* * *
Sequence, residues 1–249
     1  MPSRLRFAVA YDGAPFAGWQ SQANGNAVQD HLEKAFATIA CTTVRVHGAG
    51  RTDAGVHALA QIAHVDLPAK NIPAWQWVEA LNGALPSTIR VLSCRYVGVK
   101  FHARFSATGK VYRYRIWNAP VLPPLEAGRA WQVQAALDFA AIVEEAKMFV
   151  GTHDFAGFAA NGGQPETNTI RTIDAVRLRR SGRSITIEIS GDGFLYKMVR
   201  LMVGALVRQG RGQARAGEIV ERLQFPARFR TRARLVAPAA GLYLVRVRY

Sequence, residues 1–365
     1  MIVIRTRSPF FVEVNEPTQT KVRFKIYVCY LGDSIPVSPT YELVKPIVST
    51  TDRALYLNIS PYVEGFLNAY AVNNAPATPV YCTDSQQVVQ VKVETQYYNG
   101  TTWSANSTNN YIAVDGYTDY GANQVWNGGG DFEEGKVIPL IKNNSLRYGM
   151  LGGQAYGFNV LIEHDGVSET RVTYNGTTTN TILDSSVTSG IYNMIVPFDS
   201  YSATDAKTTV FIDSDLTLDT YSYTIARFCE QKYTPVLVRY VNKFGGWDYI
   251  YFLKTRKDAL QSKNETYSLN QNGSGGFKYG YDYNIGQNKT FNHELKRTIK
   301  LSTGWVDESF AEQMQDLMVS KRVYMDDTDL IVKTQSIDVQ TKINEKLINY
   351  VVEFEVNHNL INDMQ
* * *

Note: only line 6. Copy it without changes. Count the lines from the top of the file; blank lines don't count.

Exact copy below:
   201  LMVGALVRQG RGQARAGEIV ERLQFPARFR TRARLVAPAA GLYLVRVRY